I’m no longer a
blog virgin!  Lets see how this works.  Here are some thoughts I had on
Hubble’s upgrade, and so much more.  It starts off a bit like a
research paper (guess I wish I was still in school) then veers a little
into left field.  That’s OK though, that’s where I like to hang out…

The Hubble Space Telescope during its nineteen years of service has
produced the most iconic images of our universe that everyone has come
to know, but the best has yet to come.  Three hundred fifty miles above
the earth, in a high orbit, the greatest telescope of all time has just
been released by shuttle Atlantis after its fourth and final servicing
mission.  Yesterday the STS-125 crew set Atlantis down at Edwards AFB
after a challenging but very successful fourteen days and five

This great observatory has been re-upped with a new generation of
scientific instruments, practically rendering it a new machine, giving
it a healthy ten more years.  Hubble has a new gyro system to
accurately and precisely aim at the farthest plots of our
universe.  A Cosmic Origins Spectrograph has been installed and,
without even knowing what is does, sounds awesome.  This scientific
instrument will be a window to the past.  It will show us the workings
of the early elements in primitive space, the prelude to the orchestra,
a masterpiece of creation and life. 

The icing on the new Hubble cake is the new Wide Field Camera 3, or
WFC3.  This newer generation camera will capture wavelengths of light
with much greater sensitivity, and also in ranges not visible to its
predecessor.  This new camera will see visible light, the more
energetic ultraviolet light from the youngest and hottest stars, but
also the cooler infrared regions of the spectrum, emitted from deep
space.  This will make visible the oldest galaxies and nebulas on the
outskirts of the universe.  Their light, as we see it, stretched to a
mere infrared glow as it has traveled for millions of years through an
ever-expanding space.   The product of the WFC3 will be stunning new
views of the celestial systems that we already know, but also countless
new discoveries will be made.

 I’ve been so excited about this mission, because the information
was so available to me.  Following every aspect of the mission in real
time on NASA TV (and I cannot lie, constant Twitter updates from NASA
on my cell phone) has beat out anything else on TV for 14 days!  That’s
real suspense.  It just excites me imagining the wonders of working in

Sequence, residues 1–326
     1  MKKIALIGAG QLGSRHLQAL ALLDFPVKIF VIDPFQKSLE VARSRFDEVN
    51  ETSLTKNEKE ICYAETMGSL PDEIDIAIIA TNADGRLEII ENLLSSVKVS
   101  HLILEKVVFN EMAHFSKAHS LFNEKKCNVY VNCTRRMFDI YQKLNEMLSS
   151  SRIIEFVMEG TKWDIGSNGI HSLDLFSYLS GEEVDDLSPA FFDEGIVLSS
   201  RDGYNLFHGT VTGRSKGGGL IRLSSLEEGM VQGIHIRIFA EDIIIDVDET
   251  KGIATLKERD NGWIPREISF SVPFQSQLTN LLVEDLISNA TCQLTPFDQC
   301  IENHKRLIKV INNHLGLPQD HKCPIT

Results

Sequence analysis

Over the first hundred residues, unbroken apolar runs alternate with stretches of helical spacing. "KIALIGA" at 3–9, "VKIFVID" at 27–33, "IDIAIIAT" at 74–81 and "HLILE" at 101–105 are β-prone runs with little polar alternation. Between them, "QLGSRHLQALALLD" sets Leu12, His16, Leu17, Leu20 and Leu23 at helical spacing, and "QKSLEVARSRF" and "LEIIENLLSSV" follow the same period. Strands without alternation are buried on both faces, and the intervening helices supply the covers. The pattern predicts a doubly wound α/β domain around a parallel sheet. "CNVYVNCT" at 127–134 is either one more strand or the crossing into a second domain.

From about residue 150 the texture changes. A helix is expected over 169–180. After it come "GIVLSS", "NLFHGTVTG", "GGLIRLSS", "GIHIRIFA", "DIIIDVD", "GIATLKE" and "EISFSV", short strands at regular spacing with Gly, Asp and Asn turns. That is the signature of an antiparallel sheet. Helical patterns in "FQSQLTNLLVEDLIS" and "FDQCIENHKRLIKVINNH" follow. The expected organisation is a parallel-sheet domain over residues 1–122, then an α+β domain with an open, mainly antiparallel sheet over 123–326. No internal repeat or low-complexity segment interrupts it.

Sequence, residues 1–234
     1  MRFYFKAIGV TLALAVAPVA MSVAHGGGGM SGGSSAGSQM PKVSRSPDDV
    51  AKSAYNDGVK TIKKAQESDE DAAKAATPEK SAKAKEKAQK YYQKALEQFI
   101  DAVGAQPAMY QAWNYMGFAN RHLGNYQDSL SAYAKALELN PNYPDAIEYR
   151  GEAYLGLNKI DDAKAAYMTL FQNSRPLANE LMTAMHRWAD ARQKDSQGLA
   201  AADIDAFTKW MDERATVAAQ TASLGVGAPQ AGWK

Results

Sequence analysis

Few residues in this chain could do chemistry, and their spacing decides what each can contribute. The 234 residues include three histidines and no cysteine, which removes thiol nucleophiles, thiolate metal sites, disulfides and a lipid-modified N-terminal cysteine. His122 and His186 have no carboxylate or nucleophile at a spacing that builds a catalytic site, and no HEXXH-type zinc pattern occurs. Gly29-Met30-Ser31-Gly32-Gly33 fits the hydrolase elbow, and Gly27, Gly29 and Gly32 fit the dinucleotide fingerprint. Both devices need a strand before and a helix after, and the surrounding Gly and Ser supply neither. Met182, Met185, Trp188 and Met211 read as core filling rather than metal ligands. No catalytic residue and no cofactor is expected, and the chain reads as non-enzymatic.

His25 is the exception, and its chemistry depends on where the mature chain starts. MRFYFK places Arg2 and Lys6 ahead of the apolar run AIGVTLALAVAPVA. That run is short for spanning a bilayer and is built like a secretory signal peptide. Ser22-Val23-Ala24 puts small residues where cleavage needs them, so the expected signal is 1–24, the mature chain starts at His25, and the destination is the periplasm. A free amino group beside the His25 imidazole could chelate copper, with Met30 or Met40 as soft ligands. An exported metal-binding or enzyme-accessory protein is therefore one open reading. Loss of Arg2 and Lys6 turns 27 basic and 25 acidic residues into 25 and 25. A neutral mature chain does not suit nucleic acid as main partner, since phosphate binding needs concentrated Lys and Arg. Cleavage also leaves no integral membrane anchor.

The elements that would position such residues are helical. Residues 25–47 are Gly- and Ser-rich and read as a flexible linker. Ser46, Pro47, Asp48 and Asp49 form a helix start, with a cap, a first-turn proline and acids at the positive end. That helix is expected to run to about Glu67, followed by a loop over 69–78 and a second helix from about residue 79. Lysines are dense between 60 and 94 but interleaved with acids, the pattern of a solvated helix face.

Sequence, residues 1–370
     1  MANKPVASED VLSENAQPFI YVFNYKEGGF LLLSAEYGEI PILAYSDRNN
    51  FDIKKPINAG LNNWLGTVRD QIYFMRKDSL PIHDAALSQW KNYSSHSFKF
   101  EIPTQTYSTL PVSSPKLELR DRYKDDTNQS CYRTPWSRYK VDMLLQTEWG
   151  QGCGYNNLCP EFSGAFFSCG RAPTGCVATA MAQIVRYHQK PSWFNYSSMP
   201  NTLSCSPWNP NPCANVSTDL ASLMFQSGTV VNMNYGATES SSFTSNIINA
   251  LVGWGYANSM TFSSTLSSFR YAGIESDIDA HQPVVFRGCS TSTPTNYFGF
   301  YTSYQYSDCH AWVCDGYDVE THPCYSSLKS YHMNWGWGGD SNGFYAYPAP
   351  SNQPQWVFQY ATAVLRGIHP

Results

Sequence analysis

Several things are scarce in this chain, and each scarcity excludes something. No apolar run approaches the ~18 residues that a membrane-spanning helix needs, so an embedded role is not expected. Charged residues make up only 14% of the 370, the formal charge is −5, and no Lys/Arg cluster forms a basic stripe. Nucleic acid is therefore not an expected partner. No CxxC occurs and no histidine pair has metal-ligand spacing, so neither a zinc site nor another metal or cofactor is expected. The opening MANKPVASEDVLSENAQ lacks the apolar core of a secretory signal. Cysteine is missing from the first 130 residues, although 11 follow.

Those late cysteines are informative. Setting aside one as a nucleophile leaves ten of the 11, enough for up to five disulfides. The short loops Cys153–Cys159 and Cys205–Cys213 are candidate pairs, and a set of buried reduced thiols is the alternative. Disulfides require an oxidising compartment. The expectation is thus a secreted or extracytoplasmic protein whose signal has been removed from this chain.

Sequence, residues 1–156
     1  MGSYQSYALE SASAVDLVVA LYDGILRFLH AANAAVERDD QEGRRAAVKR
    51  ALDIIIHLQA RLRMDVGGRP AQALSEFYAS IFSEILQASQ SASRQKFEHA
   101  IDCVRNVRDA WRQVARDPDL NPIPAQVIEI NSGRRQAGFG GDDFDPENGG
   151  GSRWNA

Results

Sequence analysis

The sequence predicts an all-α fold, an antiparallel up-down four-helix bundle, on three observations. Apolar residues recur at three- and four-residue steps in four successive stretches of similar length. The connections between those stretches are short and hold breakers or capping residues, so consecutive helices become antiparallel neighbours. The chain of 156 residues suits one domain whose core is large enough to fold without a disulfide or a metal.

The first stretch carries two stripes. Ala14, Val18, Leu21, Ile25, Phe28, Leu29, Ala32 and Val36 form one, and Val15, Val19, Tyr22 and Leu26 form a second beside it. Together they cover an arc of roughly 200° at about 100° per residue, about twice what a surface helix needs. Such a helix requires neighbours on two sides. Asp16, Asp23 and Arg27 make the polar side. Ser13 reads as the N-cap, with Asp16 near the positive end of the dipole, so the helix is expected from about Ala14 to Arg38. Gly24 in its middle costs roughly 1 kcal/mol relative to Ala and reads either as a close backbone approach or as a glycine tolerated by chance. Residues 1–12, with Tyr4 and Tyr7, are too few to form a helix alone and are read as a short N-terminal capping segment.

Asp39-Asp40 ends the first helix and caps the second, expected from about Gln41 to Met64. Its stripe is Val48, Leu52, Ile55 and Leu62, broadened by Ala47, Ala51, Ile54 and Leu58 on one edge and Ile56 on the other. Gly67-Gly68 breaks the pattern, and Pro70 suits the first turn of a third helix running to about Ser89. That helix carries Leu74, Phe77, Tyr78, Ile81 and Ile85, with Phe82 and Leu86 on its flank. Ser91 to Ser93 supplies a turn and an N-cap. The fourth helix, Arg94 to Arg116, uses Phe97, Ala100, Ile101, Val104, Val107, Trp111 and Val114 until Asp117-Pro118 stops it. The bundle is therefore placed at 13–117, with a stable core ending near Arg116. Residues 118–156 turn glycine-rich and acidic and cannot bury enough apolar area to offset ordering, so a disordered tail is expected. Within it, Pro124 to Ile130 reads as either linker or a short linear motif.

space and seeing the gratefulness and skill of the few that get the
privilege.  With all this having been said, the STS-125 crew members
are my heroes.  I feel like I’ve gotten to know them and the work that
they did, and the things they achieved for us down here were amazing. 
I’ve learned a lot and it has continued the tradition of seeding new
impressions in mind.  

So the question remains:  where does this fascination come from and
what purpose does it serve?  Now this I ask myself often and I do not
know the answer.  Maybe someday I will.

For now I have a conclusion that I am comfortable with.  We’ve been
given these eyes and these minds to teach ourselves, enabling us to be
the guardians of this tiny humble celestial speck we call home.  Our
potential is special, given our imagination and the technology to
realize it, that we can accomplish things before we can even understand
why.  The gifts we have been given should not be underappreciated.

This morning lying in bed I thought of these words and decided to do
a blog.  Ooh, did I really say that?  So I got the bulk of my thoughts
out quickly before they went away, then got up to make pancakes.  When
I sat back down and read this I realized that I still am an
“odd child.”  And I say that with a smile on my face.  The spirit of
exploration is a wonderful thing to have.  Seeing the natural world
like a child makes it so new and big and beautiful, but also make one
realize how small we are.  We are not the boss, the Earth owns us
Ok, a moral of my story, kind of.  We’ve been given everything
necessary to thrive, and we have, but it’s a long way to fall.  If we
continue to abuse what is not ours, then put on your galoshes because
we could be in store for another long rain.  You never know.  The book
has been written by what we can see out there and mostly by what we
can’t see, and now it is ours to read.  Most importantly, reading it
means understanding it and if you understand it, you will listen.

Now, hopefully I will be able to find someone to read this!

 25 May 2009